Your dentist will begin orthodontic treatment when your root canal tooth is stable to prevent any trauma during treatment. Healing time can take one to two months, but each patient’s case is different, so your dentist will explain what you can expect. Also, Invisalign and other types of clear aligners move teeth with precision and gently apply force on your teeth.

If you are hesitant about your dentist’s treatment recommendation, ask questions to ensure you understand them. And you can consider getting a second opinion.

The cosmetic dentists at Burba Dental Partners of Salem, Massachusetts, sponsor this post. They participate in continuing education to offer some of the best dental care in the Boston area.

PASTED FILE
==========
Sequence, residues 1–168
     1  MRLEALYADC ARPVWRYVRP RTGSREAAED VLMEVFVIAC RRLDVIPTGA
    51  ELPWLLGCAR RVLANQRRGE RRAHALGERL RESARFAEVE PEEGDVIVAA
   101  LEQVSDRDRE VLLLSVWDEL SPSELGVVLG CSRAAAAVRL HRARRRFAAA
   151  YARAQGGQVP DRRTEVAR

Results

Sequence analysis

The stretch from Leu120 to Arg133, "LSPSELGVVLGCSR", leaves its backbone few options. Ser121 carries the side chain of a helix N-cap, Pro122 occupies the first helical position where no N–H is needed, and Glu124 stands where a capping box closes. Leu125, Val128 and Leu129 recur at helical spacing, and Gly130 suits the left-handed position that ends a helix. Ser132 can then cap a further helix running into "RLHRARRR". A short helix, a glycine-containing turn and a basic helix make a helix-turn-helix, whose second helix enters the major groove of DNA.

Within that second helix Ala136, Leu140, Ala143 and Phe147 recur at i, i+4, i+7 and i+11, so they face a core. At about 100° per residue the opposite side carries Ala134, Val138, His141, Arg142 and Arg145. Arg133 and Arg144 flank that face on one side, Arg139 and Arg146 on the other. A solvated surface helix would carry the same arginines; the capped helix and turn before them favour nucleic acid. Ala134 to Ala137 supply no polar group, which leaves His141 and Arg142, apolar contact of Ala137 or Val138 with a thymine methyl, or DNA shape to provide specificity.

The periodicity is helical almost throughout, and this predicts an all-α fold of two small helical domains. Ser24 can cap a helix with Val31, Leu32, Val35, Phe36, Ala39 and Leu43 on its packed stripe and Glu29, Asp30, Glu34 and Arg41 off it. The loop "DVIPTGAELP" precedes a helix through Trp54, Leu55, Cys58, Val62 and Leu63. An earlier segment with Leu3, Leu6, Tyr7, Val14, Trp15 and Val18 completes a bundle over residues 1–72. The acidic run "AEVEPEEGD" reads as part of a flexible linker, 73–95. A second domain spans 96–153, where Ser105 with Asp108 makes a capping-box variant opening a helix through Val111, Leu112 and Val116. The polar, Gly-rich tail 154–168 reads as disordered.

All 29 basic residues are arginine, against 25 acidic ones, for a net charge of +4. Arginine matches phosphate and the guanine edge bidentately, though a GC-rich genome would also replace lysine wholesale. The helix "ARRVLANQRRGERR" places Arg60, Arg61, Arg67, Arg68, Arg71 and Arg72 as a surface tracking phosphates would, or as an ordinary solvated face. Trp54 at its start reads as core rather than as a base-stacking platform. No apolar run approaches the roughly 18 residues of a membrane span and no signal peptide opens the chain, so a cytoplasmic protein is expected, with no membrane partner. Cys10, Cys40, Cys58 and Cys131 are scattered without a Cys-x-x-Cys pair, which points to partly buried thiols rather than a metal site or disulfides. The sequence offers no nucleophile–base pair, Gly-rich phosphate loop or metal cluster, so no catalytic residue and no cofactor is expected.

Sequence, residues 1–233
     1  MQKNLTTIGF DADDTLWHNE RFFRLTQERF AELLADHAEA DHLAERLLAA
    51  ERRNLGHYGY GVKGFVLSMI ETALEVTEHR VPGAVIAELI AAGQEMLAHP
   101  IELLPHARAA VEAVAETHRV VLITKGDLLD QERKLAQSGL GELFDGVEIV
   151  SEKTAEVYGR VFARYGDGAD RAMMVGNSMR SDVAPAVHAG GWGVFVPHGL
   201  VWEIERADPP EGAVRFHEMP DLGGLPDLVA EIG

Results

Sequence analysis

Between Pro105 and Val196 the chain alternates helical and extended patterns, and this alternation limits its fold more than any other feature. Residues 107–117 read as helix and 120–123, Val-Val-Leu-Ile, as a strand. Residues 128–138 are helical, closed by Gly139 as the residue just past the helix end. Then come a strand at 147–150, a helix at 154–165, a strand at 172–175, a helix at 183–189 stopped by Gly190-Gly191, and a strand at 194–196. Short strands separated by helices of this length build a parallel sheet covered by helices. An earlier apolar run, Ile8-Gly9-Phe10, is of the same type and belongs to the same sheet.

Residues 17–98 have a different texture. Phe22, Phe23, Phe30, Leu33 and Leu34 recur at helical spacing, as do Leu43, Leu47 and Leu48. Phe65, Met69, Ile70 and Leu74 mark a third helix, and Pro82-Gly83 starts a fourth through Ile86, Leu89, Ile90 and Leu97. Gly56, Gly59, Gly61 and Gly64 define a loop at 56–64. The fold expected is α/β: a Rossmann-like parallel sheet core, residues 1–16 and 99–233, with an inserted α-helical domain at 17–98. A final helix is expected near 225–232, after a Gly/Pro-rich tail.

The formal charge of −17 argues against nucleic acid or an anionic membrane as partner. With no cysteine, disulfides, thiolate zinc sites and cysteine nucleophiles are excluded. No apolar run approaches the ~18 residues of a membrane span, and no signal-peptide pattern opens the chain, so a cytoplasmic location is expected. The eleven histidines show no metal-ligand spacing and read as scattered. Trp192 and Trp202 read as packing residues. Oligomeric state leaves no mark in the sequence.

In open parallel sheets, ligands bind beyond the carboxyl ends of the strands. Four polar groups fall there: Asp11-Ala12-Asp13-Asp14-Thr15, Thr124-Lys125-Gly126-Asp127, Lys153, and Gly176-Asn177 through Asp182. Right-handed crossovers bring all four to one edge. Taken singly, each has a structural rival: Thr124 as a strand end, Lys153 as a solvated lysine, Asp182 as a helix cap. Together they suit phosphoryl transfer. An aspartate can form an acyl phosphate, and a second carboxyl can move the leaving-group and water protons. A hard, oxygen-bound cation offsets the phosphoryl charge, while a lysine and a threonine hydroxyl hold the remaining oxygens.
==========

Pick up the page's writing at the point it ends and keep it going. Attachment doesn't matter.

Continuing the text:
My dentist wants to remove my new implant

After three consultations with implant dentists, I chose the wrong one. After implant surgery, he told me that the bone was shallower than he thought. But he still placed the implants.

A month later, my dentist took an x-ray and said the implant was not healing correctly, so he wanted to remove it. He said that we could talk about other options, but a dental bridge is one of them.

The implant is not hurting, and I am very careful not to disturb it, so I asked my dentist for time to think about it. That was two weeks ago. I still do not know what to do, but I know that I want an implant. What are my options? – Thank you. Malcom from NJ


Thank your question. We are sorry to hear about your experience with your implant dentist. We are sure that it is frustrating. However, you can get the care you need.

If Your Dentist Places an Implant in Low Bone Volume

Illustration of a dental implant
A dental implant needs enough bone to fuse